Duck House Portland opened in fall last year, and as per its name, you can definitely find Peking Duck here. They have a large menu, and it includes some Szechuan gems that you might not easily find at most Chinese restaurants, and also some Americanized Chinese dishes of you are looking for something familiar for yourself or the kids. Their Peking Duck, as well as several other dishes at Duck House, are totally worth it in my opinion especially the more hard to find ones. It’s my favorite of the three Chinese new places in Portland that recently opened. Here’s a look see.
They only have a limited number of ducks in stock, so to make sure you don’t miss out call ahead to reserve your duck for the day and time. They are very diligent on making sure it comes out perfectly for you, including not letting the skin get soggy, so they will even want you to call to confirm your arrival time an hour before and get nervous and call you again if you are tardy to your table reservation because they want to make sure that the skin is perfectly crispy. You can order just the traditional Peking Duck wrap version which you see below that comes with 12 pancakes, shredded cucumber, shredded scallions, and Peking Sweet Sauce.
Or you can get adds on of either the Duck Bone Soup or the Duck Meat with Bean Sprout. Or get all three! If you get all three, this Duck Trio is basically a meal in itself for 4-6 people. If you have more (like 10 people) then you can reasonably order more food to go with the duck. I prefer getting the whole thing so I know we’ve used the whole animal, even the bones.
If you are not getting the duck, or have enough to justify ordering more dishes with the duck, definitely get at least one or two appetizers. Winners that I’ve enjoyed include the xiao long bao or Shanghai Soup Dumplings, famous for having meat and soup inside that doughy pouch of a dumpling. To eat, gently rock to separate it from the paper in the steamer and enjoy it with the black vinegar sauce. You can choose from pork xiao long bao or shrimp and pork xiao long bao for $1 more. There’s nothing wrong with the seven other dumplings – pot stickers and dumplings with various meat combos – but the xiao long bao are the stars of the dumpling choices. There’s a little extra dough at the top as you can see in the photo, but the filling inside is juicy and you can see how the pack is ready to burst in your mouth. So far these are the best Xiao Long Bao I’ve had in Portland.
Besides the dumplings, you will also find in the Appetizers section the egg rolls, szechuan wontons with chili oil and three kinds of buns (two steamed bun versions, one pan fried bun). The Pan Fried Bun is worth a call out because they are also a Shanghai specialty also known as sheng jian bao and which have a little bit of gelatin that melts inside along with the pork meat ball inside. There might be a little too much dough around it, but it’s still a fun dish. I also recommend the wontons in chili oil as they are bold in flavor.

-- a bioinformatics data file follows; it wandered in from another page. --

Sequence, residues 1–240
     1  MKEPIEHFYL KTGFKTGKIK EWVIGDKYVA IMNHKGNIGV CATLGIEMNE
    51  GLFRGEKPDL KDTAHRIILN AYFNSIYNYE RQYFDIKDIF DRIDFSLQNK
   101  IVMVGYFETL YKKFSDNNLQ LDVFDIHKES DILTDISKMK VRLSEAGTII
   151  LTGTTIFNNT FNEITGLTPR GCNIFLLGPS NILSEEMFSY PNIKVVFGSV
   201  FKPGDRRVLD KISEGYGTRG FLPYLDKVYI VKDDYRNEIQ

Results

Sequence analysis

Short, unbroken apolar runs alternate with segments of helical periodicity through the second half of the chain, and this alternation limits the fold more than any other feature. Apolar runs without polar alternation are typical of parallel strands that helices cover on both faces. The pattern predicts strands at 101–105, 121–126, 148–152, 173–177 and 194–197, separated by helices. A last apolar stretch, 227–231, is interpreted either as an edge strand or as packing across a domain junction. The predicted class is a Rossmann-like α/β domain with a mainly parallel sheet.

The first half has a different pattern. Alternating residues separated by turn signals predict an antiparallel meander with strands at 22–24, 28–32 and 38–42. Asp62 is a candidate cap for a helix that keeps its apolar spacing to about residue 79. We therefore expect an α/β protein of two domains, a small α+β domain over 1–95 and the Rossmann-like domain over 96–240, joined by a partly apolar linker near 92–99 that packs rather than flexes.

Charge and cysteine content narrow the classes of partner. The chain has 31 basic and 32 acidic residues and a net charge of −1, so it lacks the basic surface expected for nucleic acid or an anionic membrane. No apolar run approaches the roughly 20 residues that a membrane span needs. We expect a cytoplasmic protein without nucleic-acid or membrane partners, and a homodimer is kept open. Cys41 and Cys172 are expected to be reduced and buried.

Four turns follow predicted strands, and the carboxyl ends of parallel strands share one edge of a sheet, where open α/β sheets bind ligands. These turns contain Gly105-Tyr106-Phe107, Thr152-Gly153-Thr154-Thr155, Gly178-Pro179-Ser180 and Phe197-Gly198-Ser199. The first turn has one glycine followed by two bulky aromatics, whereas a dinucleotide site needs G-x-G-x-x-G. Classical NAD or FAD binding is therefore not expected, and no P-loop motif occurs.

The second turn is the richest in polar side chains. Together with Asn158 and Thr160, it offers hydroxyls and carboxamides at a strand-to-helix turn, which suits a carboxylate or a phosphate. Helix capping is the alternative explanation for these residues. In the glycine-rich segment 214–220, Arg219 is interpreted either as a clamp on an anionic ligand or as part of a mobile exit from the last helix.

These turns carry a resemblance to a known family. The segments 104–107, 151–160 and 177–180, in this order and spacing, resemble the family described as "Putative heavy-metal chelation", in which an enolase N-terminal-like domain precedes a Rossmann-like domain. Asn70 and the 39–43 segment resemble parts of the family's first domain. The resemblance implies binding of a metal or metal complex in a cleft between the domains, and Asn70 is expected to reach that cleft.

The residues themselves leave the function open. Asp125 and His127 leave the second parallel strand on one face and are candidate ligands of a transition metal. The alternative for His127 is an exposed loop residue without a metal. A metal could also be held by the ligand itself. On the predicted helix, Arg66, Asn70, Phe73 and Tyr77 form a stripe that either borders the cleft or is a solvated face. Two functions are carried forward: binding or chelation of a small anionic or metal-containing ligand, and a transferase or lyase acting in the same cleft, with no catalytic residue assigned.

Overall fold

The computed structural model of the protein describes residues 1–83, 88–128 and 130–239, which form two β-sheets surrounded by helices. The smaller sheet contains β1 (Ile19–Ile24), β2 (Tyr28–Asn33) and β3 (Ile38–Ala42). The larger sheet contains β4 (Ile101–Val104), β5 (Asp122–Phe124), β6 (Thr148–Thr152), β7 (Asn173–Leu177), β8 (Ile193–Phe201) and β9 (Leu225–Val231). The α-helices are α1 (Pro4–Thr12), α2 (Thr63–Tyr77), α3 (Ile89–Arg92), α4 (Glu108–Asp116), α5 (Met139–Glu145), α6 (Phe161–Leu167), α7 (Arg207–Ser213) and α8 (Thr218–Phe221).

Finally, in the appetizers section you will notice pancakes three different ways: the Golden Sesame Pancakes and Green Onion Pancakes are flat versions, while the Beef Roll takes a pancake and rolls it with seasoned ground beef. These are classic Chinese yummies that if you don’t usually see Chinese Pancake are worth a try.
The rest of the large menu really runs the gamut from American Chinese favorites like Honey Walnut Prawns, Moo Shu Pork, Orange Chicken, and General Tso Chicken to authentic Chinese like hearty Braised Beef Noodle Soup using the wide noodles like in Chow Fun, or any of the Szechuan Hot and Spicy Dried Pot dishes. These Szechuan Hot and Spicy Dried Pots arrive on a fired sizzling pan, definitely are worthwhile. You get your choice of protein varying from beef to lamb to mushrooms or in my case tofu shown, served with bean sprout, celery, bamboo shoots, leeks and bell pepper.
The Szechuan Dan Dan Noodles were a bit more peanut-ty then I anticipated, but a little of chili oil added in from the garnishes (you can ask for the chili oil or Sriracha) balances it out with just that extra bit of spiciness needed. Then again I may have a higher desire for heat than the average person.
They have an affordable and decent list of beers which I think are the best accompaniment to cool down spiciness. You can also take as a good sign that you will find lots of other Chinese people here of multiple generations (I’ve seen the college students up to grandparents with red envelopes on Chinese New Year) as your fellow patrons: it’s not just a Chinese joint catering to nearby PSU.
The portions here are what you would normally see at most Chinese restaurants that have a lazy susan so you can share platters that feed a whole table, so you can see quite a feast on your table just by ordering a few dishes that you should definitely all share. Don’t expect the lazy susan’s here though, as they are reusing the square wooden tables from the previous tenant, First National Taphouse.
Are you a fan of Szechuan food? Have you had any of the dishes I’ve mentioned before? Do you eat Peking Duck?